MINNEAPOLIS, Minnesota — On Thursday morning, Bethany Schafer stood outside East Side Neighborhood Services in northeast Minneapolis waving a Ukrainian flag while holding a sign pointing cars toward a humanitarian aid drive.
"There have been a lot of people coming by like, 'Where do we go? How do we donate?' They're just so happy to be able to help," Schafer said.
East Side Neighborhood Services partnered with St. Katherine Ukrainian Orthodox Church in Arden Hills to collect items that will be sent to Ukraine and Poland. The one-day collection took place at East Side Neighborhood Services.
"The need has shifted really drastically over this last week to now mainly medical supplies, bandages, batteries; they're looking for unlocked cell phones, walkie-talkies, anything that would help the folks that are actually in Ukraine and fighting," said Mary Ostapenko Anstett with East Side Neighborhood Services.
Minneapolis Rotary Club #9 donated $10,000 to the cause.
While the event has ended, people can still drop off donations to St. Katherine Ukrainian Orthodox Church on Sundays from 10 a.m. to 12:30 p.m.
Meanwhile, pallets full of medical supplies left the nonprofit MATTER's warehouse on Thursday.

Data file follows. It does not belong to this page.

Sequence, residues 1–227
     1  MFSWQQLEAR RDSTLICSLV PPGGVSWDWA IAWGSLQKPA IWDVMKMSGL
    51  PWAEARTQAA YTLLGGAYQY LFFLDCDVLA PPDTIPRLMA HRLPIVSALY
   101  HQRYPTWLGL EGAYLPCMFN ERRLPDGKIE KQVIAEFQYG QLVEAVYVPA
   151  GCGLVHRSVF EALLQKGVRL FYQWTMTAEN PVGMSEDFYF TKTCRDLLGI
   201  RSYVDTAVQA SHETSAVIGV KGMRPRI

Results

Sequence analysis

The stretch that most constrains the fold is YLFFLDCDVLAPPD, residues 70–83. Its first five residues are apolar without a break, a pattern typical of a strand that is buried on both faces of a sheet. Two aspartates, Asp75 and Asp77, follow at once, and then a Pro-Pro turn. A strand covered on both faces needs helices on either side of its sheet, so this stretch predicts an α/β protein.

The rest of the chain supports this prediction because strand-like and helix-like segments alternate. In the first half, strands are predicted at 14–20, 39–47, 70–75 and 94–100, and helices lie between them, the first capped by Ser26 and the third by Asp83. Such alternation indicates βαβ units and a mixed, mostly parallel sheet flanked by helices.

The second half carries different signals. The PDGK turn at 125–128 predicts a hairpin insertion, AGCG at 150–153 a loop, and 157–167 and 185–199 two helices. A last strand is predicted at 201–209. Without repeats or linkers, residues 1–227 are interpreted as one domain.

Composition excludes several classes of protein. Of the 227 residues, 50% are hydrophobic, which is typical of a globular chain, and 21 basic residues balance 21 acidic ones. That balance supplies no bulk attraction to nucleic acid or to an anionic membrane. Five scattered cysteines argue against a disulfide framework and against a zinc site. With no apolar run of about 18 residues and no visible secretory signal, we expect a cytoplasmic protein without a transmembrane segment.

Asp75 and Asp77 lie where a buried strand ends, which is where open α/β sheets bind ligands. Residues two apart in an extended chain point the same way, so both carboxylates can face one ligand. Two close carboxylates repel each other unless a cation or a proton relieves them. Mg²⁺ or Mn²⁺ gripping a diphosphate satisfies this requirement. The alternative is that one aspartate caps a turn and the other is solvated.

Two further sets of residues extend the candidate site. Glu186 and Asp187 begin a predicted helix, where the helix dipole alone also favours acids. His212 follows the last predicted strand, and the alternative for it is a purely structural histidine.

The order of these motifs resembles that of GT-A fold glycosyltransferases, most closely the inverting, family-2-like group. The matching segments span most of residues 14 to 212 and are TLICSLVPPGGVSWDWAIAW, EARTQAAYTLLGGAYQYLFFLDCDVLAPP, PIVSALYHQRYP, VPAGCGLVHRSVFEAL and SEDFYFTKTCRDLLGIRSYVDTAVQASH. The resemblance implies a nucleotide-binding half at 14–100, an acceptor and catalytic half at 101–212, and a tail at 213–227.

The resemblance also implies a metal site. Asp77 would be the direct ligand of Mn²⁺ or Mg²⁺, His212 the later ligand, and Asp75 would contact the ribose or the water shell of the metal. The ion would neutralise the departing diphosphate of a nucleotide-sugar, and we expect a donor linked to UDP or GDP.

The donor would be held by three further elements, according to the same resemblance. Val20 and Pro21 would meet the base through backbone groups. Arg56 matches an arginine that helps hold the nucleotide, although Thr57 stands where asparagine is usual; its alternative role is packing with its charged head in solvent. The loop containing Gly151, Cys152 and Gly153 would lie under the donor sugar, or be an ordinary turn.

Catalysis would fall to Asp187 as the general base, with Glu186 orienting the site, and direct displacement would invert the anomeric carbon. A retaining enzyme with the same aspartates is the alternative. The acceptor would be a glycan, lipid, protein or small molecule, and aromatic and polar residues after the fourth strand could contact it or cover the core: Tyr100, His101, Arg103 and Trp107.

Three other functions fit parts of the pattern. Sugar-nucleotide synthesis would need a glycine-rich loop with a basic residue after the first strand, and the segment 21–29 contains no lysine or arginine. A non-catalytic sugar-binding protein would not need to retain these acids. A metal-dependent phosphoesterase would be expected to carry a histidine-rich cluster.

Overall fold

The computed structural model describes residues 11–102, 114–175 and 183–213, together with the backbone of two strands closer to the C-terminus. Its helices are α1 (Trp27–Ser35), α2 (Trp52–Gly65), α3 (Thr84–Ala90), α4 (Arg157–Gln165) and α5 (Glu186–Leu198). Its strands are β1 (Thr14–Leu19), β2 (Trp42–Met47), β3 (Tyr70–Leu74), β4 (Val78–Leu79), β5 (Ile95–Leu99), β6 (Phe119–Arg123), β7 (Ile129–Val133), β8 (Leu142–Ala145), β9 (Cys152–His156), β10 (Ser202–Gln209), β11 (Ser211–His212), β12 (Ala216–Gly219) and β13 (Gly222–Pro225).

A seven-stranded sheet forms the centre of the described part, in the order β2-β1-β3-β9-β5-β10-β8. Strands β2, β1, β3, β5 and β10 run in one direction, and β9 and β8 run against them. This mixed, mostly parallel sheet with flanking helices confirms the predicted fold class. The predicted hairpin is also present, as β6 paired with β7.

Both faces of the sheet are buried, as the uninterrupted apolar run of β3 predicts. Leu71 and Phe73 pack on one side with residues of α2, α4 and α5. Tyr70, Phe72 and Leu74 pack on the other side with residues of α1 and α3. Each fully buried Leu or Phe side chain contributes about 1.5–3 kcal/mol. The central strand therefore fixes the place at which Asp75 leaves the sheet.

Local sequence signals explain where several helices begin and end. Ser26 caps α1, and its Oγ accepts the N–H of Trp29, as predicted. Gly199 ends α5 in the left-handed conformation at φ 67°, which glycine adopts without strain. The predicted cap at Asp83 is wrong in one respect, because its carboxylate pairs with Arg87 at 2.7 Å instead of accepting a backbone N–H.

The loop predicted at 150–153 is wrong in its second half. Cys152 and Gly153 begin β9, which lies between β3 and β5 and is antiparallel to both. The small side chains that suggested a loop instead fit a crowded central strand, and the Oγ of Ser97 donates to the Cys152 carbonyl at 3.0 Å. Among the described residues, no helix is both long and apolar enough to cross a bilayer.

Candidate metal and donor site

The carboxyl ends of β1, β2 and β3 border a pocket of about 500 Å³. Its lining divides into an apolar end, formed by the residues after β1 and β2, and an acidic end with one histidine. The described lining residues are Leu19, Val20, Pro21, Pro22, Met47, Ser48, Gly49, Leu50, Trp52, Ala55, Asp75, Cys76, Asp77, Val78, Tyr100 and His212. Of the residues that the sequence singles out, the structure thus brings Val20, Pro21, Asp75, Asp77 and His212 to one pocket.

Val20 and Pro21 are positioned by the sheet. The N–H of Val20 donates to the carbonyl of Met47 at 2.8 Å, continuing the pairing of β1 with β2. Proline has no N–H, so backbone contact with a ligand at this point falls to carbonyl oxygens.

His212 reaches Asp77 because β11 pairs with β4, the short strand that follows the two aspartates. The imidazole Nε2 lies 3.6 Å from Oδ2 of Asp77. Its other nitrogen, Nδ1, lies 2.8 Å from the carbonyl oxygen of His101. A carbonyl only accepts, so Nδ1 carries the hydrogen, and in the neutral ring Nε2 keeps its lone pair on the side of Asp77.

Allina Health donated 80,000 needles to help with the humanitarian efforts in Ukraine on top of their monthly medical supply donations.
"We had a lot of employees reaching out to us to see how they could help," said Sarah Charai, director of supply chain operations at Allina Health.
MATTER's partner, Chalice of Mercy, picked up the supplies that are headed for Ukraine.
"It's really easy to feel hopeless in a situation like this so it's nice to be able to help where we can," said Katie Johnson with MATTER.
MATTER has set up a a medical relief fund for Ukraine, here.
As Ukrainians flee their homes, a Twin Cities-based nonprofit is helping get them to safety. Shepherd's Foundation is focusing its efforts on evacuating and caring for Ukrainian refugees.
Since KARE 11's original story aired, they have been getting $10,000-$15,000 in donations per day to help their Camp Maximum outside of Kyiv.
Board chair Dr. Marshall Wade said they have already bought several more vans. Each van cost $10,000-$15,000. Every day, drivers go into combat zones to pick up refugees and drop off supplies.
Their Camp Maximum is housing up to 250 people per night in a camp that sleeps 120. According to Camp Maximum's CEO, their host party in Germany is no longer accepting people with disabilities. They are now looking for organizations in other countries that can accept refugees with disabilities.